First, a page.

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Pelvic Q & A

Answers and Advice on Pelvic Ultrasound

London Private Ultrasound provide a specialist ultrasound clinic offering advanced technology for highly precise medical imaging and diagnosis.

Based just a few moments walk from Bond Street, the clinic can provide ultrasound for a range of pelvic problems, often providing same-day diagnosis and fast track reports.

We would encourage you to read the answers below, to familiarise yourself with the capabilities of ultrasound and the signs and symptoms of some of the common pelvic problems and diseases.

Answers on Pelvic Ultrasound

There are many potential signs and symptoms of pelvic problems, and the specific signs and symptoms you may experience will depend on the underlying condition. Some of the most common signs of pelvic problems include:

  1. Pain in the pelvic area: This can be a dull or sharp pain and can be felt in the lower abdomen, lower back, or hips.
  2. Irregular period: This can include heavy or painful periods or periods that are lighter or more frequent than usual.
  3. Abnormal vaginal discharge: It can include thick, clumpy, or foul-smelling discharge.
  4. Pain during sexual intercourse: This can be a sign of conditions such as endometriosis, pelvic inflammatory disease, or fibroids.
  5. Urinary symptoms: This can include frequent or urgent urination, difficulty starting or stopping the flow of urine, or pain or burning during urination.
  6. Constipation or difficulty with bowel movements: This can be a sign of conditions such as endometriosis or uterine prolapse.
  7. Abnormal growths in the pelvic area: This can include fibroids, cysts, or polyps.

It is important to note that some women may not experience any pelvic problems or only mild or vague symptoms. If you have any concerns about your reproductive health, it is essential to consult with medical professionals. Ultrasound is one of the modalities that can help the medical professional to complete evaluation and appropriate treatment.

Overall, early detection and treatment of pelvic problems are vital to ensuring good reproductive and overall health, so it is essential to be aware of the potential signs and symptoms and to seek medical care if you have any concerns.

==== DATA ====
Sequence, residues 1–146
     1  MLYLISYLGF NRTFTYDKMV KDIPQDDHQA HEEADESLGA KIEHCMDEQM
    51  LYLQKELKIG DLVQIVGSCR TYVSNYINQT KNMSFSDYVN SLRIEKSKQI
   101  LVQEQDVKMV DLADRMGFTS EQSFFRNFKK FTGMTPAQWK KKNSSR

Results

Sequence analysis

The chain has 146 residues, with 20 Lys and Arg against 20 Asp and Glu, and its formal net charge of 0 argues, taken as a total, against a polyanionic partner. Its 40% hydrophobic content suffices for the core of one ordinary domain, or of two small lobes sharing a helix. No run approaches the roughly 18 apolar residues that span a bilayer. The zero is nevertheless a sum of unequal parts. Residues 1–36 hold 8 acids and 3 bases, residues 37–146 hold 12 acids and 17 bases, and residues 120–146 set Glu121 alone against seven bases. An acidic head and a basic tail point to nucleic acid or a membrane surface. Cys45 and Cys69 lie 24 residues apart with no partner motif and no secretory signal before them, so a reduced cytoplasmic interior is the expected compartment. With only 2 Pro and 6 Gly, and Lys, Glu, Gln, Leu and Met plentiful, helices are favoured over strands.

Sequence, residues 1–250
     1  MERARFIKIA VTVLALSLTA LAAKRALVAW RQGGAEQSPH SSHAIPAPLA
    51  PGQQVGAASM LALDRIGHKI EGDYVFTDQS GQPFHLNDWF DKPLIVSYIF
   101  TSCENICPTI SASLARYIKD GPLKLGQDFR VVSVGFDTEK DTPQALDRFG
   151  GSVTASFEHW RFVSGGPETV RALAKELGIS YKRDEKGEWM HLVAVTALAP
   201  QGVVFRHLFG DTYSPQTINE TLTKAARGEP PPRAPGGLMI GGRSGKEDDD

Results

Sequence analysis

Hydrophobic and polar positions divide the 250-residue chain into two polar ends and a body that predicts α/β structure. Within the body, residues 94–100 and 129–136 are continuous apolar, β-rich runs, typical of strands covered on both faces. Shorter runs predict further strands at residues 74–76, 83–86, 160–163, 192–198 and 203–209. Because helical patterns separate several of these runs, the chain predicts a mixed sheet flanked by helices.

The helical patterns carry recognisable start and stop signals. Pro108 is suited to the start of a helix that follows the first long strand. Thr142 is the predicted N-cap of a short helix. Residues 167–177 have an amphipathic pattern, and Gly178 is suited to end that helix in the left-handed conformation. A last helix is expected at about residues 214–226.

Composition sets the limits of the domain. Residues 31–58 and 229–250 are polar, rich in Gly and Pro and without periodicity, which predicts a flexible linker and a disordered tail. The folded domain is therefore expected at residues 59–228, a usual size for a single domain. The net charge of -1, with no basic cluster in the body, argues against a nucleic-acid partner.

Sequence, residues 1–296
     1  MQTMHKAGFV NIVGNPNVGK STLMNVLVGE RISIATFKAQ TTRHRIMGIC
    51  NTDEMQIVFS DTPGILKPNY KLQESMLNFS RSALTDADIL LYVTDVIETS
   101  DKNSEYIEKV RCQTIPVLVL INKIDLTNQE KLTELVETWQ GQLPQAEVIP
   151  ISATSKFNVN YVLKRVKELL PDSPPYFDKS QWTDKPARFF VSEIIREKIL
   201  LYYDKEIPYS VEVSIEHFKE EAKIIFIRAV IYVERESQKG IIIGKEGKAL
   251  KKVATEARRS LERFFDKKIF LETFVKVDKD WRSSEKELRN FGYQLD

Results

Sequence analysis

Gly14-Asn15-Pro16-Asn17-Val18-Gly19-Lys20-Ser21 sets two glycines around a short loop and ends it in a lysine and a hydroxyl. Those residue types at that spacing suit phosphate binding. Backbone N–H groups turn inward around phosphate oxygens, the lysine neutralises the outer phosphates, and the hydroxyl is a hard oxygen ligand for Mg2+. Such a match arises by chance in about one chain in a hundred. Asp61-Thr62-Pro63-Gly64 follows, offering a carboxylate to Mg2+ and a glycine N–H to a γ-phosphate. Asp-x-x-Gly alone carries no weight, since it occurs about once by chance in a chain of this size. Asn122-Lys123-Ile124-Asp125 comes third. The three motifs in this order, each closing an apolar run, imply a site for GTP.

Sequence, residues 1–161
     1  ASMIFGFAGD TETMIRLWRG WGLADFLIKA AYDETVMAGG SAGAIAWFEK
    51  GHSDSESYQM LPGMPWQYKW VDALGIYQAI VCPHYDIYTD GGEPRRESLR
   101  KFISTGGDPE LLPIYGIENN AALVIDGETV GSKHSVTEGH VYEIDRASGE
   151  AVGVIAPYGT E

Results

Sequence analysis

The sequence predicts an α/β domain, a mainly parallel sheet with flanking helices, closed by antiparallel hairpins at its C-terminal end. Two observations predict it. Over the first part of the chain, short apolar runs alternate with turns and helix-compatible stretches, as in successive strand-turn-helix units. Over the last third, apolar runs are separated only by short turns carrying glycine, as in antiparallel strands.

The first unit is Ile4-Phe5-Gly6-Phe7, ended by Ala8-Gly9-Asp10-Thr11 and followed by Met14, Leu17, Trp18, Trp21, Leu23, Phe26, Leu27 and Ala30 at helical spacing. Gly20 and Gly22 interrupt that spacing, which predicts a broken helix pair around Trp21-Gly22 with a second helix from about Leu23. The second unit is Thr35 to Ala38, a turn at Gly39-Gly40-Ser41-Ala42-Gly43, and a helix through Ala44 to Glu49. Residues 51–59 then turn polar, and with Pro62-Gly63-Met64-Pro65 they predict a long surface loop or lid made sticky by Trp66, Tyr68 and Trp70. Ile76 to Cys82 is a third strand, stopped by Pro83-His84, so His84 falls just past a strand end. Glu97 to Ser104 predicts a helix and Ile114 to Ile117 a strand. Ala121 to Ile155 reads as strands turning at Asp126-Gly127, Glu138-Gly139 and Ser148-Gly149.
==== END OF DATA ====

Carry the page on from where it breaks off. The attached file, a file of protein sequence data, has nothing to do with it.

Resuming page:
A pelvic ultrasound is a diagnostic imaging scan that uses high-frequency sound waves to produce images of the organs and structures in the lower abdomen and pelvis. The scan is non-invasive, painless, and commonly used to evaluate the reproductive organs, including the uterus, ovaries, fallopian tubes and surrounding tissues (Adnexa).

A pelvic ultrasound is a diagnostic imaging scan used to examine the organs and structures in the lower abdomen and pelvis. It is often used to evaluate the reproductive organs, including the uterus, ovaries, and fallopian tubes, and to check for any abnormalities or conditions such as:

  1. Pregnancy: to confirm pregnancy and monitor fetal growth and development.
  2. Ovarian cysts: to detect the presence and size of cysts in the ovaries.
  3. Endometriosis: to visualize the tissue that lines the uterus and check for growths or abnormal build-up outside the uterus.
  4. Uterine fibroids: to detect the presence and size of non-cancerous growths in the uterus.
  5. Pelvic inflammatory disease (PID): to evaluate the pelvic organs for signs of infection.
  6. Ectopic pregnancy: to detect if a fertilized egg has been implanted outside of the uterus.
  7. Ovarian cancer: to detect changes in the ovaries that may indicate cancer.
  8. Uterine or cervical abnormalities: to identify structural abnormalities in the uterus or cervix.

It is important to note that a pelvic ultrasound is only one part of a diagnostic evaluation and may need to be combined with other tests to make an accurate diagnosis.

Ovarian cancer is often called the “silent killer” because it usually has no specific symptoms in its early stages. However, as cancer grows and spreads, some women may experience the following signs and symptoms:

  1. Abdominal bloating or swelling: This can cause the abdomen to feel full or distended, even after eating only a small amount of food.
  2. Persistent abdominal pain: This can be a dull or sharp pain and may be felt in the lower abdomen or pelvis.
  3. Urinary symptoms: This can include frequent or urgent urination, difficulty starting or stopping the flow of urine, or pain or burning during urination.
  4. Changes in bowel habits: This can include constipation or diarrhoea.
  5. Loss of appetite or feeling full quickly: This can cause a decrease in the amount of food, even if the person is hungry.